Lyndhurst Antiques Centre, an antique shop in Hampshire, England, has issued an apology for the sale of Axis memorabilia, following complaints made by visitors.
Father and daughter Ron and Sophie Carmon entered the shop during a sightseeing trip, as Ms. Carmon had come to the U.K. from her home in Israel to visit her father, who lives in London.
The pair said they were left “speechless” after finding a selection of Nazi memorabilia for sale inside the shop. Some of the items included helmets, medals, photos of Hitler, swastikas, and plates.
Ms. Carmon said the display at the antique shop had “everything you can imagine a neo-Nazi would want in their home.”
After notifying the antique store of the offense the items can cause, the shop initially defended memorabilia, but later agreed it “cause offense and distress.”
After leaving the shop, the father and daughter, whose relatives were victims of the Holocaust during the Nazis’ time in power, were “fuming” and “on the verge of tears.” The shop argued they weren’t promoting Nazi ideology, but were passionate about showing “both sides” and “preserving history along with the right to free speech.”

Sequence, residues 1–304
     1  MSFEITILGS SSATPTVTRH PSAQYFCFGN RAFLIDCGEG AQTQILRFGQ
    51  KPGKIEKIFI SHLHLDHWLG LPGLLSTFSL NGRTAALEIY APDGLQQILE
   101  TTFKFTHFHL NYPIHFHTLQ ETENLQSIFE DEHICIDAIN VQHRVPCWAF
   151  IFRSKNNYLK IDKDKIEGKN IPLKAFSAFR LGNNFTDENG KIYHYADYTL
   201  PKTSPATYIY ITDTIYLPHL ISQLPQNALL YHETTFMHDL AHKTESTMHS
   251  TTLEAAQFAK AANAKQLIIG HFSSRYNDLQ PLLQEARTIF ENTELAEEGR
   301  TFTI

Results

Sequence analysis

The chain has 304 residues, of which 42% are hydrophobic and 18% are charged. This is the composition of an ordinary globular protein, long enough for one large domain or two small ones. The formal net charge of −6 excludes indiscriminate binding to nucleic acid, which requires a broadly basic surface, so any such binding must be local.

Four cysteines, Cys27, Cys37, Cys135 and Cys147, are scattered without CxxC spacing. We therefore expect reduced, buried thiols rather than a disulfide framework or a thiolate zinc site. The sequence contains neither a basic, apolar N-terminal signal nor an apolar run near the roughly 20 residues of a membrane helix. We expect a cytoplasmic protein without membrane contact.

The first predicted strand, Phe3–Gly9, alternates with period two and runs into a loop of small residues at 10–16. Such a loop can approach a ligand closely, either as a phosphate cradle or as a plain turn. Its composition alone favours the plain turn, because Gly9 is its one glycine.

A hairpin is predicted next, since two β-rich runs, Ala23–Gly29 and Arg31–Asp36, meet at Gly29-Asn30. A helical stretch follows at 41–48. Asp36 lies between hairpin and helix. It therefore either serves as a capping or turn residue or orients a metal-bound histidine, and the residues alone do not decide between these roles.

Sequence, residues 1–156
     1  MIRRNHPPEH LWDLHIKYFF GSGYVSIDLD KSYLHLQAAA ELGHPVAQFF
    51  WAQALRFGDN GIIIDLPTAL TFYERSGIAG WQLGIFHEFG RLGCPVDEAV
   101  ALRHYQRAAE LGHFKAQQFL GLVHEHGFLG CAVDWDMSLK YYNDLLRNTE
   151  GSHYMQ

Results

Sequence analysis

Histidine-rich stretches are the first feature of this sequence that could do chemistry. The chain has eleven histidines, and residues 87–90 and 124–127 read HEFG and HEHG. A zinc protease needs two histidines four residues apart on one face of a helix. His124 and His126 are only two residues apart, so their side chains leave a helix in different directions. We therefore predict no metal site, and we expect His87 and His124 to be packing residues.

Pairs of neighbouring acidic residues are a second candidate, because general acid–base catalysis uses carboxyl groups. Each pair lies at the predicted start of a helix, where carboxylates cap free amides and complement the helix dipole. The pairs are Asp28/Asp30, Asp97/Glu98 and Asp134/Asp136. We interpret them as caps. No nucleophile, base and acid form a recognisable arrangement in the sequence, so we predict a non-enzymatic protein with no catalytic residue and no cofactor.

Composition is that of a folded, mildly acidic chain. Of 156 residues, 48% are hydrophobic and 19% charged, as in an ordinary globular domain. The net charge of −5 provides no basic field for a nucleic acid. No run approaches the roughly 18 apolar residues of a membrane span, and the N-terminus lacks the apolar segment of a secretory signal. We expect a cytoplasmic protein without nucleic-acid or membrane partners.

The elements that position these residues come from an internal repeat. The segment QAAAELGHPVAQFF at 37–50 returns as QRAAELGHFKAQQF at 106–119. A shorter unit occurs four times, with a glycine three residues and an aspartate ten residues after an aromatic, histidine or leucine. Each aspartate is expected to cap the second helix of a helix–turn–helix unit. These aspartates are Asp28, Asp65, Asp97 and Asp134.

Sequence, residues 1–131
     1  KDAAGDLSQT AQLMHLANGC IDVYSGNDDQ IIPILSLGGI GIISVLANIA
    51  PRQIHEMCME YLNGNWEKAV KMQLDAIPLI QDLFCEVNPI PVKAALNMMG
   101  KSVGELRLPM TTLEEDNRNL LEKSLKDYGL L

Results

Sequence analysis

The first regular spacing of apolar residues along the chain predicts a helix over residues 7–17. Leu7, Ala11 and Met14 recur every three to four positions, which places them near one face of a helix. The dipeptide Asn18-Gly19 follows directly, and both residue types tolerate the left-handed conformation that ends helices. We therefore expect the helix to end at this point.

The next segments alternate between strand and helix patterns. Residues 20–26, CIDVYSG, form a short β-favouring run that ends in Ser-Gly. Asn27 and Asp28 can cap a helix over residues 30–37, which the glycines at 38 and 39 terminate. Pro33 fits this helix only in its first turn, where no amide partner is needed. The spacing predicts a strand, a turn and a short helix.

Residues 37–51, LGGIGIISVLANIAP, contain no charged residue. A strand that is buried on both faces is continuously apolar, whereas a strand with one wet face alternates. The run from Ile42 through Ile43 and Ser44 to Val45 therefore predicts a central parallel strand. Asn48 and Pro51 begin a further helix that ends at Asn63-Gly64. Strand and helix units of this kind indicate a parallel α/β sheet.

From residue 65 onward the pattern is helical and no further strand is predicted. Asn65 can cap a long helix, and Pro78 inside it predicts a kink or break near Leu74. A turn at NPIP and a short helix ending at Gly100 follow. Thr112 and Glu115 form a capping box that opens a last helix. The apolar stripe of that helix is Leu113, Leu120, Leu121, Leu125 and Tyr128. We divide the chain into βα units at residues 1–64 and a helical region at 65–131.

Mr. Carmon has said he doesn’t want to “whitewash history,” but believes the sale of memorabilia was different than if a museum were displaying the items, as the shop didn’t provide adequate context for the items.
Eventually, the antique store released a statement that said, “We have considered and taken on board recent complaints and feedback regarding the sale of Nazi German items.
“We do agree that the sale of these items can cause offense and distress, and this is not acceptable.”
It added: “For this reason, all items connected with Nazi Germany will be removed from our premises by the end of business today and we will not be selling any items of this nature in the future.”
Other than the small amount of Nazi memorabilia, Lyndhurst Antiques Centre sells an array of antiques over two floors, including jewelry, glassware, ornaments, lighters, and many other interesting items. Like so many other establishments, the shop has only recently reopened with the easing of COVID-19 restrictions.
The situation naturally caused divisive reactions on social media, with some agreeing that the shop shouldn’t back down from selling the objects, while others said owning objects from the Nazis was not necessary to keep the memories of the atrocities committed by them during the 1930s and 1940s alive.
More from us: The Bomber Mafia: Success, But At What Cost?
Nazi memorabilia is not illegal to sell in the U.K., but in some places like Germany, presenting Nazi symbols in public can land you a jail sentence of up to three years. Despite being legal, many high-profile auction houses refuse to deal with items linked to the Nazis out of choice, including Sotheby’s, Christie’s, and Bonhams.